By being visible at retail investor events, you help them to build a connection with your business. Across the EU, there are many such events every year, giving enterprises the chance to present and retail shareholders the opportunity to ask the questions they need the answers to.
Many of these events are organised by retail investor associations, such as the F2IC in France or the Pan-Slovenian Shareholders’ Association (VZMD). This makes them excellent networking opportunities for pitching to these important investors.
9. Remember that retail investors are also employees
Retail investors may also be your company’s employees and this is worth bearing in mind when you consider how to engage with them. Dedicated and incentivised share grant programmes (free shares, stock-options, performance share plans etc.) are often designed by publicly listed companies to reward their employees for their contribution to its performance. Employees are therefore often direct owners of their company’s shares, thus increasing their sense of belonging.
As a consequence, listed companies would be well advised to implement dedicated initiatives to take into account their employees' unique perspectives and reinforce direct communication about reward plans, the company’s performance impact on the share price, trainings etc. In that regard, the implementation of compliance solutions like InsiderLog and TradeLog are a must-have for listed companies.
10. Remember to diversify
With the rise of the retail investor, it is important to ensure they form part of an otherwise diverse shareholder base. This type of investor is likely to hold onto shares for the long term, which offers some stability, even in times of high volatility such as the pandemic. Retail investors can also be more open to hearing about management proposals, which can encourage them to vote in favourable ways during proxy season. Of course, institutional investors will almost always be responsible for a large proportion of your capital but ignoring the importance of the retail investor can pose risks. So, to ensure business continuity, it’s best to target different investor categories and demographics, always striving to diversify your shareholder base.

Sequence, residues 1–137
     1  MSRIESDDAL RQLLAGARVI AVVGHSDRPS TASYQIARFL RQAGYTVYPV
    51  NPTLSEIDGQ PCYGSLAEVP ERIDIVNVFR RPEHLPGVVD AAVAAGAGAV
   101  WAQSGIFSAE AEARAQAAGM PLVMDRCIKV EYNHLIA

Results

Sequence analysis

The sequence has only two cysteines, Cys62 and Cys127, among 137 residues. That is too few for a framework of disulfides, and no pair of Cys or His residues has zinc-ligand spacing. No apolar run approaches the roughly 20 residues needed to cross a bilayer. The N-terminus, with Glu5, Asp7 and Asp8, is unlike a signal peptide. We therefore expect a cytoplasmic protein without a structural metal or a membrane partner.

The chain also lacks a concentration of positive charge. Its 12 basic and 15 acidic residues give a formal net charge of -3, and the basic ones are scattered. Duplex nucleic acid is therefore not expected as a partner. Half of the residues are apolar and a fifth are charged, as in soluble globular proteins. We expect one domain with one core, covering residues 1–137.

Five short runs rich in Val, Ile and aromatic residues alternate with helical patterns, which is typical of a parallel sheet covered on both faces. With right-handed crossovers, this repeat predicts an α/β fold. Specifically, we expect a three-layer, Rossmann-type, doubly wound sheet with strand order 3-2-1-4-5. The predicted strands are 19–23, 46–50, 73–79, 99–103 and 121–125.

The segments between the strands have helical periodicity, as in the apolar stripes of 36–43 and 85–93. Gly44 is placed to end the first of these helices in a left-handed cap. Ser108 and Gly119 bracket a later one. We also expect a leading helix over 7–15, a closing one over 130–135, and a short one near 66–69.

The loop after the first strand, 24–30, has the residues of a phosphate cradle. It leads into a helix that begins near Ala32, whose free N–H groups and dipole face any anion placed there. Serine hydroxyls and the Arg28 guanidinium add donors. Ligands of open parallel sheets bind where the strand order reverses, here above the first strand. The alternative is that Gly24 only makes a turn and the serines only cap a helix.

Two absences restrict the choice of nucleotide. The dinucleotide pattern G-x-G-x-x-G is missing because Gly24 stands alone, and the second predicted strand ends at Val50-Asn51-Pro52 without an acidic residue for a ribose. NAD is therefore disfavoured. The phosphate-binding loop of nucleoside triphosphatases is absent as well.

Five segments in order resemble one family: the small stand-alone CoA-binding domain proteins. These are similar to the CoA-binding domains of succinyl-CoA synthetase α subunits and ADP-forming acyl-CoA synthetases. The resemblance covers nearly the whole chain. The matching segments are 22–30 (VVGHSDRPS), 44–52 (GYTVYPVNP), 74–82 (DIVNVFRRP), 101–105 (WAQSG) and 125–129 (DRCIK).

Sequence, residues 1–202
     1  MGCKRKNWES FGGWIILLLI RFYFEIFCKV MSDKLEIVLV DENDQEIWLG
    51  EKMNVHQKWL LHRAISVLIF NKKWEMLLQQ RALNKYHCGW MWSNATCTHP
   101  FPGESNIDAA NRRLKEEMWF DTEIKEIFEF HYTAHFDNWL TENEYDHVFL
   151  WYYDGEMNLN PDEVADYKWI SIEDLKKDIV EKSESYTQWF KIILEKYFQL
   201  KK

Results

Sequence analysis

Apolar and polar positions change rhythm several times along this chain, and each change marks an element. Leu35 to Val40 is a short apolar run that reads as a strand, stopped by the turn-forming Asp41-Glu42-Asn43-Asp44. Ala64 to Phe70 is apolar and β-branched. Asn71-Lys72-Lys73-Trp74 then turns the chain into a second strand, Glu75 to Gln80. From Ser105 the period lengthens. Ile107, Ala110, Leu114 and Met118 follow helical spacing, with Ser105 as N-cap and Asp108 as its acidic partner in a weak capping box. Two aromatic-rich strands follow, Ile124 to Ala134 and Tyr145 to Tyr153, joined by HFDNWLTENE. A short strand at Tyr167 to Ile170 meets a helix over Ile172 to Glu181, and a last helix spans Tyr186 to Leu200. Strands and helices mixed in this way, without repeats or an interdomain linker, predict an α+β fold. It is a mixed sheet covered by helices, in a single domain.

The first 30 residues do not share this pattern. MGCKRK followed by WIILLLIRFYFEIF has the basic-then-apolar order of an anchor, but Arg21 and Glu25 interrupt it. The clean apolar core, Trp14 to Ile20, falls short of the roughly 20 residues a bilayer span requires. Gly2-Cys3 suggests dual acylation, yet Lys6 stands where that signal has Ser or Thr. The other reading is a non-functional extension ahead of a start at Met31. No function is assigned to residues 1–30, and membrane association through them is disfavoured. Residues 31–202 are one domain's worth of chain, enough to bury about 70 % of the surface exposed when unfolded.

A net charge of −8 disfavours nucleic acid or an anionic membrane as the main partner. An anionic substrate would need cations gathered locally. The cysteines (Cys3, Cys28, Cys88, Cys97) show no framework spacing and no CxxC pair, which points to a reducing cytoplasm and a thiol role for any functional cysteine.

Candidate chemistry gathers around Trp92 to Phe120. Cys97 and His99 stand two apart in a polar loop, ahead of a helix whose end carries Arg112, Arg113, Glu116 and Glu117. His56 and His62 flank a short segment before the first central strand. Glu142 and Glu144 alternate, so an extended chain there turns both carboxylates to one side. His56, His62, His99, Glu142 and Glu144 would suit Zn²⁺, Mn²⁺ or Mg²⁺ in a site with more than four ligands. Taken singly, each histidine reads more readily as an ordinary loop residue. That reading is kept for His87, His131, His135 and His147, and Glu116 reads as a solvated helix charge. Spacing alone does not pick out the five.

It is likely that retail investors are going to comprise a more significant section of your shareholding as we head into the future. This is why it is important to recognise the importance of retail investors and to adjust your strategy accordingly. They may not look or act the same as institutional investors or even as retail investors have previously looked or acted, so you must get to know them and understand them. You should remember to educate and engage these potentially long-term investors and their brokers if you want to develop a mutually rewarding relationship.